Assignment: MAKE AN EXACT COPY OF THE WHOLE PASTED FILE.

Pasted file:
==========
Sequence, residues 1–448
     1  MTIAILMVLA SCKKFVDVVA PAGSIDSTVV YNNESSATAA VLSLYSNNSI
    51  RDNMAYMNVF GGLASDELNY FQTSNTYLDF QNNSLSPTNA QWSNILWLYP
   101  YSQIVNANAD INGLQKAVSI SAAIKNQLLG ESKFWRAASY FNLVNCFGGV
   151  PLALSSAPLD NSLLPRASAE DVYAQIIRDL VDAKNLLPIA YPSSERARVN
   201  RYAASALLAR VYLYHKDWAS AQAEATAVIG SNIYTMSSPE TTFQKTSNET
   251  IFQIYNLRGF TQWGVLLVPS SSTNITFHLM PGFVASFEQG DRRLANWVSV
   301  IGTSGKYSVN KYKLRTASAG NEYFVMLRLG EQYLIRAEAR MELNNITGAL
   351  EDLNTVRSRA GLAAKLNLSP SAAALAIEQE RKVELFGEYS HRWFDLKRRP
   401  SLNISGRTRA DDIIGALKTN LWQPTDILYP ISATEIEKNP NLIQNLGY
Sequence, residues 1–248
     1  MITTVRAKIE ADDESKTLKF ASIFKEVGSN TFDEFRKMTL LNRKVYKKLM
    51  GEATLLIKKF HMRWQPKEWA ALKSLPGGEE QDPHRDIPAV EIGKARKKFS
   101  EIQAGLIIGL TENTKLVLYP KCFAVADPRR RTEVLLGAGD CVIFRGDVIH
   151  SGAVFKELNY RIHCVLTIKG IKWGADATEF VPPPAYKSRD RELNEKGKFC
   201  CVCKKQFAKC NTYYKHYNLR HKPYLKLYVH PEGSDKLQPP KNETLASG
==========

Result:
Sequence, residues 1–448
     1  MTIAILMVLA SCKKFVDVVA PAGSIDSTVV YNNESSATAA VLSLYSNNSI
    51  RDNMAYMNVF GGLASDELNY FQTSNTYLDF QNNSLSPTNA QWSNILWLYP
   101  YSQIVNANAD INGLQKAVSI SAAIKNQLLG ESKFWRAASY FNLVNCFGGV
   151  PLALSSAPLD NSLLPRASAE DVYAQIIRDL VDAKNLLPIA YPSSERARVN
   201  RYAASALLAR VYLYHKDWAS AQAEATAVIG SNIYTMSSPE TTFQKTSNET
   251  IFQIYNLRGF TQWGVLLVPS SSTNITFHLM PGFVASFEQG DRRLANWVSV
   301  IGTSGKYSVN KYKLRTASAG NEYFVMLRLG EQYLIRAEAR MELNNITGAL
   351  EDLNTVRSRA GLAAKLNLSP SAAALAIEQE RKVELFGEYS HRWFDLKRRP
   401  SLNISGRTRA DDIIGALKTN LWQPTDILYP ISATEIEKNP NLIQNLGY
Sequence, residues 1–248
     1  MITTVRAKIE ADDESKTLKF ASIFKEVGSN TFDEFRKMTL LNRKVYKKLM
    51  GEATLLIKKF HMRWQPKEWA ALKSLPGGEE QDPHRDIPAV EIGKARKKFS
   101  EIQAGLIIGL TENTKLVLYP KCFAVADPRR RTEVLLGAGD CVIFRGDVIH
   151  SGAVFKELNY RIHCVLTIKG IKWGADATEF VPPPAYKSRD RELNEKGKFC
   201  CVCKKQFAKC NTYYKHYNLR HKPYLKLYVH PEGSDKLQPP KNETLASG